For Frank Tassone’s weekly haikai challenge to write the haikai poem of your choice (haiku, senryu, haibun, tanka, haiga, renga, etc.) that alludes to cherry blossoms (sakura).
Off-prompt today . . . but whatcha gonna do when the muse strikes before the birds sing?
The day 2 prompt for NaPoWriMo challenged us to pose questions in a natural setting, inviting the reader “continue the process of reading (and, in some ways, writing) the poem.” This seemed like a no-brainer for haiku or tanka. Enjoy!
Fire Season Off to a Furious Start — Chinook Observer
DNR Responds to First Wildfires of 2019 — Dpt of Natural Resources
National Significant Wildland Fire Potential Outlook — Predictive Services
When I first stumbled on haiku as something other than a practice of strict adherence to the 5-7-5 syllable count, I felt a curious sense of freedom. Over the years, I also found that haiku’s discipline has helped me get to the core cause of an experience, while allowing space for the other person’s reflection, learning and voice.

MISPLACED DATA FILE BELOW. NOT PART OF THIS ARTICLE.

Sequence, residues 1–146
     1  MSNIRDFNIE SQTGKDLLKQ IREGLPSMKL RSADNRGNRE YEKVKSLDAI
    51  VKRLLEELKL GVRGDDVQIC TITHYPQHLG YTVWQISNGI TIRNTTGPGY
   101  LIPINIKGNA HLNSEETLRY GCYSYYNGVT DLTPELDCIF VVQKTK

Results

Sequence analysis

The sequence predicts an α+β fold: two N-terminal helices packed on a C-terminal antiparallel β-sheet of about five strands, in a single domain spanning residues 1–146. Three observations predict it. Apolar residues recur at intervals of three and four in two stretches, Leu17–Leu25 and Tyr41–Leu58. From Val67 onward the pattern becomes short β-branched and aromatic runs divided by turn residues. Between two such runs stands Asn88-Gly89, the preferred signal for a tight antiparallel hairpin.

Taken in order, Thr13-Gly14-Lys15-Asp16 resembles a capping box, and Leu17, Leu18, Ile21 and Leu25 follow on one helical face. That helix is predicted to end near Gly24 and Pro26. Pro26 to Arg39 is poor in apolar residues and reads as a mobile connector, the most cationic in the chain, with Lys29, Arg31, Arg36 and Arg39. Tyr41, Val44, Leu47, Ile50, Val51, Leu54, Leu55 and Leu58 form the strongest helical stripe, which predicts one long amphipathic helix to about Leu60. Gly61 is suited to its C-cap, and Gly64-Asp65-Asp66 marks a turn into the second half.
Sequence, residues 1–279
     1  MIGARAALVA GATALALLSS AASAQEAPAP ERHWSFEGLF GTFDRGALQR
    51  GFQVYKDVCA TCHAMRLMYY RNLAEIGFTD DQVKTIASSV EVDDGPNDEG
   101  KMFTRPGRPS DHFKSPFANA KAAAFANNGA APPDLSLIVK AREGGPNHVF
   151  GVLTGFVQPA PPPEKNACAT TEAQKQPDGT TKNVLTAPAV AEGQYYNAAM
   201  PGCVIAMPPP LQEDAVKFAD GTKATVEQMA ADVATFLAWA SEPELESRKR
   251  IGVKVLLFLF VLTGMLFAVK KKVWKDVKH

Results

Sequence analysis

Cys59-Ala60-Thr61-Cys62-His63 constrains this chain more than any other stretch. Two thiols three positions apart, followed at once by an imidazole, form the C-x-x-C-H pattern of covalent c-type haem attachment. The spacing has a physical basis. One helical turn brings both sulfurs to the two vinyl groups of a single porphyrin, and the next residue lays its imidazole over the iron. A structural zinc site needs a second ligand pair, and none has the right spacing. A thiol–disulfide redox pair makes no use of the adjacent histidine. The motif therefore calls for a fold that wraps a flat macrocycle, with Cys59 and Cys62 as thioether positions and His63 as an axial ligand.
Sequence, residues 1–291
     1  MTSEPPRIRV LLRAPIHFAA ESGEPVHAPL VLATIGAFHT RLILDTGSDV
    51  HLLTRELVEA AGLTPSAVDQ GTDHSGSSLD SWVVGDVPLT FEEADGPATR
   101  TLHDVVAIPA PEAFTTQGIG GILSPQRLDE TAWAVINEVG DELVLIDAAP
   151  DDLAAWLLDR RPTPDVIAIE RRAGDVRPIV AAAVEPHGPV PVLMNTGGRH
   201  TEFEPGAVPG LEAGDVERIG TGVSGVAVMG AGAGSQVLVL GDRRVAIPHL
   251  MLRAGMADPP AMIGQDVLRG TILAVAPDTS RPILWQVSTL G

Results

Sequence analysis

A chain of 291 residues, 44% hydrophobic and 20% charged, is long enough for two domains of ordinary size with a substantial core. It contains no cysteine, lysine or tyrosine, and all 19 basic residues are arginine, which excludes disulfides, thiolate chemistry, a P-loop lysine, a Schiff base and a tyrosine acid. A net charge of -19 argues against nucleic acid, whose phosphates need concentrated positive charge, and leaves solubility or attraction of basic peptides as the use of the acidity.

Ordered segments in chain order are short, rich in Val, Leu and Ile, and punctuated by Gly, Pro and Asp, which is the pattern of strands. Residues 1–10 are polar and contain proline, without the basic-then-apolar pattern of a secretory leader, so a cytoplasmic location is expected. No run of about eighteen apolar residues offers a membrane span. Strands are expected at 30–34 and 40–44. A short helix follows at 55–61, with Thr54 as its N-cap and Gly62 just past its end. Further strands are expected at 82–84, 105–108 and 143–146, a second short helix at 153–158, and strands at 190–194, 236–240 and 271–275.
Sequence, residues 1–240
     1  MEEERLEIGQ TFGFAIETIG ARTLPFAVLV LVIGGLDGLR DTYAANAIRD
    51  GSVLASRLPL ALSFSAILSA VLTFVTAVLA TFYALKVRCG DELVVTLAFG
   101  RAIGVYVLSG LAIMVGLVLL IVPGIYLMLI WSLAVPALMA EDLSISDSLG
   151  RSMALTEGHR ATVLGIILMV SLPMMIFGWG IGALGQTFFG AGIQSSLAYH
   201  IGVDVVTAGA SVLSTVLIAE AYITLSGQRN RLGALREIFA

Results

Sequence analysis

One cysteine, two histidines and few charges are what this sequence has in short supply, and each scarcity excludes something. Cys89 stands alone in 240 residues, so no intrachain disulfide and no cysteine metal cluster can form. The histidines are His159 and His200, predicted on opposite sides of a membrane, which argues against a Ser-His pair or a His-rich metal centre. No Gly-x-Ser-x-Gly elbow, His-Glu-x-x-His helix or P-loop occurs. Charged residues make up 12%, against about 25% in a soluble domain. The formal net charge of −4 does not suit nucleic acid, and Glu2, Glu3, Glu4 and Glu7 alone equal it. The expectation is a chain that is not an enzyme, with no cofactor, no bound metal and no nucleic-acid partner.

daisies in bloom ~
what work we do to
grow with families
It seems to me the world could stand a good dose of haiku writing practice if it helps us cut past the proverbial “BS” and “filler” and get to the heart of what really matters. Too often, we get stuck in petty quarrels over perception and politics and turf wars. What if we were able to share that inner seed or kernel of what we hold most dear through a simple poem that left room for the other?
my golden koi ~
a tsunami crests
with just one pebble